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Scott Howard-Cooper

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Brandon Jennings has already stated that he would consider a second stint in Europe during a lockout.
Glenn James/NBAE via Getty Images

Questions, and few answers, arise about overseas deals


Posted Dec 16 2010 6:49PM

Amid the silence, there is the increasing volume of unavoidable conflict.

Mostly behind closed doors, mostly draped in different versions of "no comment" to conceal strategy in negotiations on a new Collective Bargaining Agreement, the question of whether players can and will take the risky step of working overseas in a lockout has become an increasing topic from the locker room to the front office.

It's much more than Milwaukee's Brandon Jennings, who started his pro career in Italy in a pioneering move, saying he would strongly consider a return during a work stoppage. The National Basketball Players Association is devising a strategy to address the obvious conflicts and possible legal hurdles. Players know they are going to get more questions from reporters as the topic moves to the forefront and teams are getting anxious waiting for direction from the league office on what to expect going forward.

Anxious?

Said one general manager of wanting NBA brass to send word to front offices:

"They need to clarify. And they need to take a hard line."

Said another:

"There are questions that have to be answered."

And this is 6 months away from the lockout beginning if no agreement is reached, and probably another three months away from becoming an actual issue for teams since a summer work stoppage almost certainly would not be enough to push a player into the drastic move. But in some corners of the NBA, it is feeling closer. Executives who plot their roster out years in advance want to know what to expect and players facing the real possibility of no pay checks want to know their options.

The public stance from the league is that there is no public stance -- officials say they will not "speculate" on the increasing debate while all their efforts are focused on getting a new deal with players. Union leaders likewise decline to offer a stated position. Behind the scenes, though, the same NBPA is known to be looking hard at the topic in preparation of the inevitable questions, legal and otherwise, from its membership.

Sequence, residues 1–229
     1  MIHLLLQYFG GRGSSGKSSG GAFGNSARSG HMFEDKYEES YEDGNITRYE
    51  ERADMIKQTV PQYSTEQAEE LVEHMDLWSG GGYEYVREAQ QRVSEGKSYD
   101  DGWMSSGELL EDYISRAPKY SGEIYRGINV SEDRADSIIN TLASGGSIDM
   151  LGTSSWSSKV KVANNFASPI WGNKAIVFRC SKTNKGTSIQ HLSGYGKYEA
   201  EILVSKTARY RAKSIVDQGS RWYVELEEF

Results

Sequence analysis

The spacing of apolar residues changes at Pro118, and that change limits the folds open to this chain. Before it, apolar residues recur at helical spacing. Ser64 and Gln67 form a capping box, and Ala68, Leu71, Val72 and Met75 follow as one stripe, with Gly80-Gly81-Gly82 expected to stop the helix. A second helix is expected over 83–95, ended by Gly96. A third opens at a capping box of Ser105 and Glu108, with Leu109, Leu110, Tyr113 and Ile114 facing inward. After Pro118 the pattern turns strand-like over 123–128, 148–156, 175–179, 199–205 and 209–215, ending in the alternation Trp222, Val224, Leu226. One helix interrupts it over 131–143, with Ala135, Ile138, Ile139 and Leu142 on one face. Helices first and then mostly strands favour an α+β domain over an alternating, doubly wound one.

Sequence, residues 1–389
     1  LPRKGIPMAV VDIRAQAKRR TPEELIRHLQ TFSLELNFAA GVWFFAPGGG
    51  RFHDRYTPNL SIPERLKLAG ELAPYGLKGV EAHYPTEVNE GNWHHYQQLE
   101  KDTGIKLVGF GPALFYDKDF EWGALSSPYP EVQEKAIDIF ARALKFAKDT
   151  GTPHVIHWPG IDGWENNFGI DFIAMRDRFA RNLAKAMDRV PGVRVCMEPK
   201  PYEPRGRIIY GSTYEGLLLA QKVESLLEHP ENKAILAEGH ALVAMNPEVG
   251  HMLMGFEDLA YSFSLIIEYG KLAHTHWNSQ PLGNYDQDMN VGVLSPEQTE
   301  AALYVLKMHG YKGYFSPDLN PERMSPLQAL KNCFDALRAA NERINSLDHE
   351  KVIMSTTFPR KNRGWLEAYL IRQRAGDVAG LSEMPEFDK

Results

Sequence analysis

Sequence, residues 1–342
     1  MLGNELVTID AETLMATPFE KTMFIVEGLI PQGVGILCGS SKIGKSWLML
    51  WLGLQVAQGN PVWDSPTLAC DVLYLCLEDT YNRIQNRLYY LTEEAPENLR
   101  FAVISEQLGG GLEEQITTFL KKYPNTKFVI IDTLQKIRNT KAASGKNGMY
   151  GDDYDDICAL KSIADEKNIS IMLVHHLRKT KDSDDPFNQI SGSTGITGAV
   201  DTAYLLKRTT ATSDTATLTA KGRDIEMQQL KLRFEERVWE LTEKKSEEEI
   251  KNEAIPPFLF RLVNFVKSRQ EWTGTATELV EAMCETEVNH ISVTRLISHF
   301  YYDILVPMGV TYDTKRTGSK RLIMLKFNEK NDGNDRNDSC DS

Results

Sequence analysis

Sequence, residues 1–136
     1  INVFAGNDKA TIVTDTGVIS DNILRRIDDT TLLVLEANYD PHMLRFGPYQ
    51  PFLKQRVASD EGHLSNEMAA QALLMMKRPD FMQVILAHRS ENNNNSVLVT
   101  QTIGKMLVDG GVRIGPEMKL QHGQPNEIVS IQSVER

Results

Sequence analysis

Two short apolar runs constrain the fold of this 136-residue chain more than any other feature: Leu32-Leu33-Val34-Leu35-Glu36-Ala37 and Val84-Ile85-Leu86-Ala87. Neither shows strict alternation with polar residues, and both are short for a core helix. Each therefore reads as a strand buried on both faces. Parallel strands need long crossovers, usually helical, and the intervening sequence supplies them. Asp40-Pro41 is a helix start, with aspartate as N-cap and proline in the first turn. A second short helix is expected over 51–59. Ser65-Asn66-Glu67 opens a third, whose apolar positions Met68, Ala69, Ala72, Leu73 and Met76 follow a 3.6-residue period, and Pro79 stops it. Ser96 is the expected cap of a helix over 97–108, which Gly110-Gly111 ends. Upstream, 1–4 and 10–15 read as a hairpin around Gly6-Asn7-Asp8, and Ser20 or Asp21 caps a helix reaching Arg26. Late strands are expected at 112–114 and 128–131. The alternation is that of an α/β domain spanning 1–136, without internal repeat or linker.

Teams, meanwhile, are stuck. Unable to set their own front-office policy, unable to give players offseason marching orders, they wait for others to sort through the many-layered conflict.

Foremost is the issue of a player's right to work facing off against the contract among the league and FIBA that prohibits a team overseas from signing someone under contract to an NBA club, and vice versa. Rudy Fernandez cannot walk away from the Trail Blazers to return to Europe, as desired, and an international standout cannot ignore a foreign agreement to instantly come to North America after the draft.

Do contracts dissolve during a lockout, only to be reinstated after? The league and the union will likely have opposing viewpoints. The teams will definitely have an interest in the ruling, though the executives interviewed see little hope in indefinitely barring players from earning a living. It's what happens while they are gone, and when the time comes to return, that creates as much concern.

• A player taking the international route, with Europe as the most common destination, would be making money but exposing himself in countless ways. If he suffers a serious injury, his NBA team may be able to void his contract, and teams here would almost surely think harder about the doomsday outcome in that scenario than if a player gets hurt in summer workouts or pickup games away from the club. And, if a player does get hurt, the NBA club is prohibited from contact during a lockout. Officially, the team doctor and trainer would not be allowed to examine him or discuss a rehab plan, though back-channel conversations would undoubtedly take place.

• Players may find offers with serious money that require serious commitments. They may, for example, sign overseas and have two or three windows to get out of the deal to return to the NBA when the lockout is settled. But it's fair to expect that European clubs are going to want a stable operation. They're not going to draw up a contract with daily opt-out clauses, unless it's for the kind of superstar that can set his own demands. Would a player take the paycheck of an international deal knowing he might have to stay for a month after the NBA is back in business?

"As soon as the lockout ends, that's when the dilemma happens," one team executive said. "Who's to say our contract is more enforceable than one in Europe?"

• Could a player get out of his NBA deal to stay in Europe after a lockout? If the major salary rollback comes to fruition here, a player could have lost enough money that he would be making more overseas. It's not an obvious outcome, but it is one that teams have started to consider.

They're trying to consider all the possibilities, of course, with three-fourths of the NBA regular season and the playoffs still to come before any of this starts to officially matter. But it's getting closer by the increasingly anxious moment.

Scott Howard-Cooper has covered the NBA since 1988. You can e-mail him here and follow him on twitter.

The views on this page do not necessarily reflect the views of the NBA, its clubs or Turner Broadcasting.

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